According to credible research, the way you eat influences how you sleep. Learn how changing your diet can help you get a better night’s sleep.
Changing Your Eating Habits
- Recognize the circular effects. Sleep has an impact on your diet and vice versa. A good night’s sleep can help you control your appetite. A good night’s sleep also aids in the prevention of weight gain, diabetes, heart disease, and a variety of other serious conditions.
- Enjoy a wide range of dishes. According to a recent study, people who slept 7 to 8 hours per night ate the most variety of foods. A varied diet not only tastes good, but it also increases your chances of receiving all of the nutrients your body requires.
- Consider reducing your calorie intake. Obese people are more likely to have sleep problems. That’s just one more reason to try to lose weight.
- Before going to bed, eat a small snack. Having a snack before bed can keep hunger pangs from waking you up in the middle of the night. You’ll be much less likely to walk into the kitchen and devour a cheesecake.
- Caffeine should be used with caution. Caffeine temporarily increases your awareness, but it may cause you to crash a few hours later. Reduce the amount of caffeine-containing beverages you consume. Try drinking half a cup of coffee in the morning and another half cup at lunch. Caffeine should be avoided for at least 4 hours before bedtime.
- Look for caffeine sources that aren’t obvious. Even if you stop drinking coffee, you may still be consuming caffeine. It can also be found in chocolate, as well as many medications, tea, and soft drinks.
- Moderation is the key when it comes to alcohol consumption. Cocktails may put you to sleep faster, but they will disrupt the deeper stages of slumber, which are the most restorative. Experts recommend that women consume no more than one alcoholic beverage per day and men consume no more than two.
- Get ready for the post-lunch dip. After a heavy lunch, you may feel drowsy. That sensation is caused in part by the energy expended for digestion, and in part by natural body rhythms that cause fatigue every 12 hours.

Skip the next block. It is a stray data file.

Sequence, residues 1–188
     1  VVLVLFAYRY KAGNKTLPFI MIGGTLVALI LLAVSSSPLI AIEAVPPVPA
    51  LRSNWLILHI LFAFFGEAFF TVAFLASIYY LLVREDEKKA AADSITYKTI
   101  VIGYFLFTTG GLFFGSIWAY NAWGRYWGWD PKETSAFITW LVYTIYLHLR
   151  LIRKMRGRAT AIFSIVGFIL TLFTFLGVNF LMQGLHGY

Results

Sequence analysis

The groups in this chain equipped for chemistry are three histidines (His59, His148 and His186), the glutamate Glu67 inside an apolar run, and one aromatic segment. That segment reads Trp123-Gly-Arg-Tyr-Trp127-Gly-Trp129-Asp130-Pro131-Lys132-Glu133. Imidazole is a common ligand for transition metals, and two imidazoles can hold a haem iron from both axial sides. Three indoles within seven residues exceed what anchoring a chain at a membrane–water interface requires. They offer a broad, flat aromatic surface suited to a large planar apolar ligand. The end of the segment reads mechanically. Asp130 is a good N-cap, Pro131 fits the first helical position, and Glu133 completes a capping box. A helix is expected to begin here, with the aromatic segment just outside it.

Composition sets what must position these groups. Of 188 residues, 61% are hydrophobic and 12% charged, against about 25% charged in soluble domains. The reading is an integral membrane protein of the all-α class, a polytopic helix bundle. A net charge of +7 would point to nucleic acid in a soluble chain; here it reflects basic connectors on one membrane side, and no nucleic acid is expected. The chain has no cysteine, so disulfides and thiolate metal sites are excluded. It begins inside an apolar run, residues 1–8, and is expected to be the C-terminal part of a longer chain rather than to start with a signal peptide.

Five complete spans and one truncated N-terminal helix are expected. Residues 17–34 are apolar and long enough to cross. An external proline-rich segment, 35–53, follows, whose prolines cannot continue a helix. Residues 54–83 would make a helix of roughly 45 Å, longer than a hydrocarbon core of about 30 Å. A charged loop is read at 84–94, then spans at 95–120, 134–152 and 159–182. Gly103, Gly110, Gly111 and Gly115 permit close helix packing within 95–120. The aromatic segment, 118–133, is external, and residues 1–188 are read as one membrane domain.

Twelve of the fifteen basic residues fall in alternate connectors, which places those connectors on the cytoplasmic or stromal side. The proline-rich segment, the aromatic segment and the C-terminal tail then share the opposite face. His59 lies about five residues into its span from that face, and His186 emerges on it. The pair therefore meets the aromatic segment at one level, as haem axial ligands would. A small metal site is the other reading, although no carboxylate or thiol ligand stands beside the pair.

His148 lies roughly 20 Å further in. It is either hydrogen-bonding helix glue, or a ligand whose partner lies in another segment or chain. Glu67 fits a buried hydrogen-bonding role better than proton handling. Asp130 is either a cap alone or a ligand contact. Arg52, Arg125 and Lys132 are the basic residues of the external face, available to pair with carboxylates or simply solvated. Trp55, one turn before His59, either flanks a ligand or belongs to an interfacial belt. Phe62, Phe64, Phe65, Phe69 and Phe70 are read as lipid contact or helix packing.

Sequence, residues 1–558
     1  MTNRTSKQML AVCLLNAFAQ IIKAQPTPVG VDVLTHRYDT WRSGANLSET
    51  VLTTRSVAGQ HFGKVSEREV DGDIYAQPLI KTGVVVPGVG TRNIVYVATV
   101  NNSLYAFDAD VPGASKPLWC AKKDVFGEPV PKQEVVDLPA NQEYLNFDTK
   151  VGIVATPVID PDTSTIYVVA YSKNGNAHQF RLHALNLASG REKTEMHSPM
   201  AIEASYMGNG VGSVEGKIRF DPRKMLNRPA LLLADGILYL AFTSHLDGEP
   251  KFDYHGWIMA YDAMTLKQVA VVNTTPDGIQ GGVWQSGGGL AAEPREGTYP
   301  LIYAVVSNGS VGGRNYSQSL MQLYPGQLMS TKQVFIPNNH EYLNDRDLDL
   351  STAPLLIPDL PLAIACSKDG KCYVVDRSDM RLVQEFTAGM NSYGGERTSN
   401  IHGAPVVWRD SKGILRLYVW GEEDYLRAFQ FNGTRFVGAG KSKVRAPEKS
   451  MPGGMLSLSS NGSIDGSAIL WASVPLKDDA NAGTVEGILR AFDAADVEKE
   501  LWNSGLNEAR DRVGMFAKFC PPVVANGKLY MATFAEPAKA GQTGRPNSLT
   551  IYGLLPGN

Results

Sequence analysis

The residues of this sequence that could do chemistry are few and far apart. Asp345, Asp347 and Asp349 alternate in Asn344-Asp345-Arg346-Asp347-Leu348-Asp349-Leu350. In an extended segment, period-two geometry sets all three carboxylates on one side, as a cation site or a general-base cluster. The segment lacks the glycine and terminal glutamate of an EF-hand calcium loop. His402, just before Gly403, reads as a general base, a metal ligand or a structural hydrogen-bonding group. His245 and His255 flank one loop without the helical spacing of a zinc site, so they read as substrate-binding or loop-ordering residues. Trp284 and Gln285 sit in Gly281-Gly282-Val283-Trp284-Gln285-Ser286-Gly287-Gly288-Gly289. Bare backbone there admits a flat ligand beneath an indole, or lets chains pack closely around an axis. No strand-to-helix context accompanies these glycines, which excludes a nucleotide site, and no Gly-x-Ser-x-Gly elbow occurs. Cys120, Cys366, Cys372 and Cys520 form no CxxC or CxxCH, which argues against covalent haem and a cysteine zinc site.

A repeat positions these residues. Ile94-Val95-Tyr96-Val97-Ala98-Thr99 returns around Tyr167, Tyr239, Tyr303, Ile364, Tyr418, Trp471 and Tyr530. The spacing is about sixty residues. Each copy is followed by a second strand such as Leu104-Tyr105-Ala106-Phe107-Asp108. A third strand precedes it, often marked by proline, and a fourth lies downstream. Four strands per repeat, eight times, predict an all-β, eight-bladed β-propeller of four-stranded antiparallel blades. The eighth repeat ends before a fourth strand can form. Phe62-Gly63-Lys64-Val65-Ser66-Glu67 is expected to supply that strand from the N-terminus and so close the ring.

Changing Your Diet
- Take note of micronutrients. People who get enough sleep have higher levels of micronutrients. Micronutrients are essential substances that your body requires in minute amounts. A varied diet rich in natural foods will help to meet these requirements.
- Choose foods high in tryptophan. Tryptophan, an amino acid, promotes sleep. It can be found in dairy products, eggs, and nuts.
- Consume more carbohydrates. Carbohydrates boost tryptophan’s effects. That is why a bowl of cereal with milk makes an excellent evening snack.
- Consume an adequate amount of protein. Tryptophan is obtained from dietary protein. Aiming for 10 to 35 percent of your daily calories from protein is a good place to start.
- Reduce your intake of high-fat foods. Fattening foods can cause weight gain and disrupt your sleep. Switch to low-fat or fat-free dairy products. Consume more fish or select the leanest cuts of meat.
- Limit your intake of spicy foods. Too much spice in your diet may cause heartburn when you lie down in bed. Lunch is a better time to eat “hot” dishes like bulgogi than dinner.
- Change from commercial energy drinks to natural energy boosters. Caffeine and sugar are commonly found in commercial energy drinks. Natural stimulants, such as drinking plenty of water or going for a daily walk, will not disrupt your sleep.
Your eating habits and sleeping habits are inextricably linked. Eating a variety of foods that are high in nutrients, as well as selecting sensible late-night snacks, will help you stay trim and well-rested.